The post you made on Dec. 27th, Becoming a Vegetarian (or Demi-Vegetarian), really got me thinking. I gave up all red meat a year ago this month, and sometimes, sadly, I still get those intense cravings for a cheeseburger. Deep down I know I would never eat one. When someone around me is eating one, I will look at it and wish for a bite, but then will realize that it is the last thing I want. Before reading your post I always felt like a hypocrite for calling myself a vegetarian and still longing for a bite of meat, but maybe this is normal. Like you, I still eat chicken and turkey, though with time and self-discipline, it will stop. Weird thing is, it's not that I even want to eat poultry, half the time I'm picking at it and putting it to the side for someone else who will usually ask me what's wrong with the chicken and then snicker when I say "nothing."

Another post that you made that got me thinking was about zoos and the horror they cause animals. On my own weblog, psycheoflove.com, I posted a small story of what I witnessed at the Phoenix Zoo in Arizona that completely changed the way I view zoo and animal welfare. Leaving the zoo that day two years ago I was so disturbed by what I had seen and the way people reacted to these animals, these animals who are there simply for their amusement and entertainment, who look so bored and alone behind their cages, I wept on the way to the car thinking and knowing that this just was not right at all. What is there that we can do though? It feels no matter how much I try to tell people or inform people, no one seems to really care for the treatment of animals, or believe that it doesn't matter . . . they're "just animals." The article about the beautiful 13 year old gorilla was terrible. Watching the video they put up, showing the police officer so determined to shoot it was painful to watch.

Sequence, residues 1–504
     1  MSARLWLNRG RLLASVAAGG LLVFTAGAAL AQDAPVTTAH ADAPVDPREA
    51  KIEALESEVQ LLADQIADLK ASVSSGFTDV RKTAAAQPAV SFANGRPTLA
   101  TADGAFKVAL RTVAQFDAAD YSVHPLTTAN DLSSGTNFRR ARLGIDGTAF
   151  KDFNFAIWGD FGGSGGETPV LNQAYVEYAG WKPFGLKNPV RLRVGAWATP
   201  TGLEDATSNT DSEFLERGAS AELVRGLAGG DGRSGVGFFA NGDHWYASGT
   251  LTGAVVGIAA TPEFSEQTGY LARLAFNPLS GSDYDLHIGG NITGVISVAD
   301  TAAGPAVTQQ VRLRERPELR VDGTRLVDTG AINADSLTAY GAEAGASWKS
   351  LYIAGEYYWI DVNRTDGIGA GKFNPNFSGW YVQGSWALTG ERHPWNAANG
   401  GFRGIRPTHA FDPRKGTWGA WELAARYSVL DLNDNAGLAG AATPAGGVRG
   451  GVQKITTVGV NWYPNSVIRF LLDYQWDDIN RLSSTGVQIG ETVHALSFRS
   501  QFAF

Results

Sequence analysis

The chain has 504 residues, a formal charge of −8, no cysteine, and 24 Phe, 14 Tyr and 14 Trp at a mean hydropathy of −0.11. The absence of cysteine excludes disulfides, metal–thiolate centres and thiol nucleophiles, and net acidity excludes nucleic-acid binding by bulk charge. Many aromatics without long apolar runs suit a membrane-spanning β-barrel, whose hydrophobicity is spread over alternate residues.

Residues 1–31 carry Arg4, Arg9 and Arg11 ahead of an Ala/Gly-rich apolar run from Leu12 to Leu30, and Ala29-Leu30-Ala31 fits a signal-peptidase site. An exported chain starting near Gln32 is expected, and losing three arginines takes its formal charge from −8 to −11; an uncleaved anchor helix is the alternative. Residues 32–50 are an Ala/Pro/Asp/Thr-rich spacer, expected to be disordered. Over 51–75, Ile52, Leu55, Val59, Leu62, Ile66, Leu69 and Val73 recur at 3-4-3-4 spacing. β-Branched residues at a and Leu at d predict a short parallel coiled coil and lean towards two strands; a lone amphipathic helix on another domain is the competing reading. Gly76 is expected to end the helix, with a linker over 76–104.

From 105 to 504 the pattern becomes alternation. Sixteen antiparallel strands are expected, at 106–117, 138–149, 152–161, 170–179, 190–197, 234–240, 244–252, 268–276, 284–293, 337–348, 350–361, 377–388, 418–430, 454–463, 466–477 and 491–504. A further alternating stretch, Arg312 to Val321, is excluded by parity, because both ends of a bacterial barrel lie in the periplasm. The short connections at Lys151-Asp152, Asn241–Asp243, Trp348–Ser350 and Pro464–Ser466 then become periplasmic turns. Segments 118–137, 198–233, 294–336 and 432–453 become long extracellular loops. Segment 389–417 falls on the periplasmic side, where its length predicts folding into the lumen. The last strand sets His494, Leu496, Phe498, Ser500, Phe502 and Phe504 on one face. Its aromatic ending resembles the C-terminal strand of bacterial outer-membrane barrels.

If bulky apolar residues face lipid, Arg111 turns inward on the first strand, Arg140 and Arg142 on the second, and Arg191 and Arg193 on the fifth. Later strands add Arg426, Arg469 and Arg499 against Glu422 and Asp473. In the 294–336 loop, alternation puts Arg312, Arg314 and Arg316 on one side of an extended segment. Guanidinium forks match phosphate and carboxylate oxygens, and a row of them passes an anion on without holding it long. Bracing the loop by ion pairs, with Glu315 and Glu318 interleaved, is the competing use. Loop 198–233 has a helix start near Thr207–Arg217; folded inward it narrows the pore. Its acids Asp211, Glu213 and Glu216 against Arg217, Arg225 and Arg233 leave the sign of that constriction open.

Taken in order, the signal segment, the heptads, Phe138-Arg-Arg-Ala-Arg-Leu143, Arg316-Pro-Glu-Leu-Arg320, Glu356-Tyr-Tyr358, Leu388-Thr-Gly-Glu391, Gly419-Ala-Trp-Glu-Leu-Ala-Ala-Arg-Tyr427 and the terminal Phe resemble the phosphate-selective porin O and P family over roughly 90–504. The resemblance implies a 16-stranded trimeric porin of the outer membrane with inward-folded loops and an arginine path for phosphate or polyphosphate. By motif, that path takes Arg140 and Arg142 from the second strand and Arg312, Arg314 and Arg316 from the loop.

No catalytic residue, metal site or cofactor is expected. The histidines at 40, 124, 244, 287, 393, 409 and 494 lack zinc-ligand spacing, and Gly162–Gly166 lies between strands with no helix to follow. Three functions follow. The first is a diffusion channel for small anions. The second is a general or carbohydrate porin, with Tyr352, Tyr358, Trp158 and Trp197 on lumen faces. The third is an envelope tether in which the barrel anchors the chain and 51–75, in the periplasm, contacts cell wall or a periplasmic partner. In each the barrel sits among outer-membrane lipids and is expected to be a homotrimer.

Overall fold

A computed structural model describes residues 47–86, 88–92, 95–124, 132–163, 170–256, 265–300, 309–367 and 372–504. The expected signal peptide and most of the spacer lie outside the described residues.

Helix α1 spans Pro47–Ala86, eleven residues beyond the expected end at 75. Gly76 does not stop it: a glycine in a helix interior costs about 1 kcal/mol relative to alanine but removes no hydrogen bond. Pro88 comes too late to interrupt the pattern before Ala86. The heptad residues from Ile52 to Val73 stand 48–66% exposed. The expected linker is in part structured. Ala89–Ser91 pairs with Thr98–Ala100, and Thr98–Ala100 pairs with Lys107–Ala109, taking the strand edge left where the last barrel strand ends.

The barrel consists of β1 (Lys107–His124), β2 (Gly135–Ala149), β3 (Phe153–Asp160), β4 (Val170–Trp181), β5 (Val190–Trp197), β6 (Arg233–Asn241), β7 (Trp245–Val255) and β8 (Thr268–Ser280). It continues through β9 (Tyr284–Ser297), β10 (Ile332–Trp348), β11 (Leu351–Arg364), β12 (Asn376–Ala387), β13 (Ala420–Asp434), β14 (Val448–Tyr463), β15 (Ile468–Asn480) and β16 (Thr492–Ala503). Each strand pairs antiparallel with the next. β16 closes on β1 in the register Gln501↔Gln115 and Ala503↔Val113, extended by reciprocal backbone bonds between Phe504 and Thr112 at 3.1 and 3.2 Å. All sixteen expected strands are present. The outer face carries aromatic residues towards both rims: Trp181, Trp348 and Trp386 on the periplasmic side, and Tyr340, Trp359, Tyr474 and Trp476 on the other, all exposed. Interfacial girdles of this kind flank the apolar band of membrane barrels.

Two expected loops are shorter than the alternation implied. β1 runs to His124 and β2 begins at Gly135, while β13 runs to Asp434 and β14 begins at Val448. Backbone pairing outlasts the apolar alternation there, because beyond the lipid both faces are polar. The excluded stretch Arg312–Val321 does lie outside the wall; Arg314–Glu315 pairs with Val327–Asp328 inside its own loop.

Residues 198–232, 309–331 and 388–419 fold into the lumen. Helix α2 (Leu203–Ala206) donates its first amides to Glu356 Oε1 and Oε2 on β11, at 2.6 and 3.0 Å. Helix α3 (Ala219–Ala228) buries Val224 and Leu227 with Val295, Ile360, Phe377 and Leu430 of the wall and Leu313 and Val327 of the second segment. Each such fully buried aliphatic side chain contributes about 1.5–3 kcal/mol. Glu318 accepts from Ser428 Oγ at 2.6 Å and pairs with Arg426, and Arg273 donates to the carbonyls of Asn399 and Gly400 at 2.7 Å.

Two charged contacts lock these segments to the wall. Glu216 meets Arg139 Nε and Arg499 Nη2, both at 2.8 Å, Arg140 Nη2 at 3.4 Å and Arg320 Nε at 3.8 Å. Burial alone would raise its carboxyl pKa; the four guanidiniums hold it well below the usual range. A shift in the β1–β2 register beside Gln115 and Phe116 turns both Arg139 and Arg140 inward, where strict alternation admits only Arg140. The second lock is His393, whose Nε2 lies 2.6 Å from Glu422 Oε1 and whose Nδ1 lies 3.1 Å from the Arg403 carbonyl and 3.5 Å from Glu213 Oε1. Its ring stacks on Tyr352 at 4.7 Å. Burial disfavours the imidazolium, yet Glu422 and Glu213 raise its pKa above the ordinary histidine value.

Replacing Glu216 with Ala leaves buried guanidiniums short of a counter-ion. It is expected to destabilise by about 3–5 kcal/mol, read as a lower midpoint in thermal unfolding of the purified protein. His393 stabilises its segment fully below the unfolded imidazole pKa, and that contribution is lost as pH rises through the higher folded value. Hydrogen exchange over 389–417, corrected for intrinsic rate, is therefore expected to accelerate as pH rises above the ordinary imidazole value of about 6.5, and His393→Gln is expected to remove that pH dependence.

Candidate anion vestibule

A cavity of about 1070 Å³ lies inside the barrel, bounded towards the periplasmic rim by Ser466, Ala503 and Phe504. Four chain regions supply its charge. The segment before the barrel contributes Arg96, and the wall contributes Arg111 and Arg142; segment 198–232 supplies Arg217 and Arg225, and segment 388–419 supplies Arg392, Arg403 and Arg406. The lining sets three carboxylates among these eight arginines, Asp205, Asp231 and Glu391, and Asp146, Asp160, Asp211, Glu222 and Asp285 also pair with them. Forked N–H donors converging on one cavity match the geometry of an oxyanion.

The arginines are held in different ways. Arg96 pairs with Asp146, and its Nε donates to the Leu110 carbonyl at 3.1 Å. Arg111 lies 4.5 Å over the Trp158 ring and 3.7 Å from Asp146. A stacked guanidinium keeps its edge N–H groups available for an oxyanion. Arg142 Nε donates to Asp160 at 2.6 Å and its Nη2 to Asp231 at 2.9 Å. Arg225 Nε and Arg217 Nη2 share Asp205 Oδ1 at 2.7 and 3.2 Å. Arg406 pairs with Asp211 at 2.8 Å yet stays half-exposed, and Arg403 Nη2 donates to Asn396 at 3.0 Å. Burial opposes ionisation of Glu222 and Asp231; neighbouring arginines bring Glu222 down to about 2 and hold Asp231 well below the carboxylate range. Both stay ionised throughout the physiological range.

Bear with me.

Many years ago, when I was around eight or nine, I believe that is when I had my first moment of realization that animals deserve fair treatment, and what animal cruelty was. I practically ran away from home when I witnessed my step-father beat my dog and I could not believe the pain it caused the dog, as well as me. Ever since that moment I cannot stand to view an animal being mistreated in any form.

Ok, hopefully this e-mail has not bored you too much. All of this is to say that I, as well as many others, appreciate your website and the articles you share. It's really wonderful to know there are people like you who do care about the animals of the world.

Many blessings to you,

21 March 2004

A Good Old Boy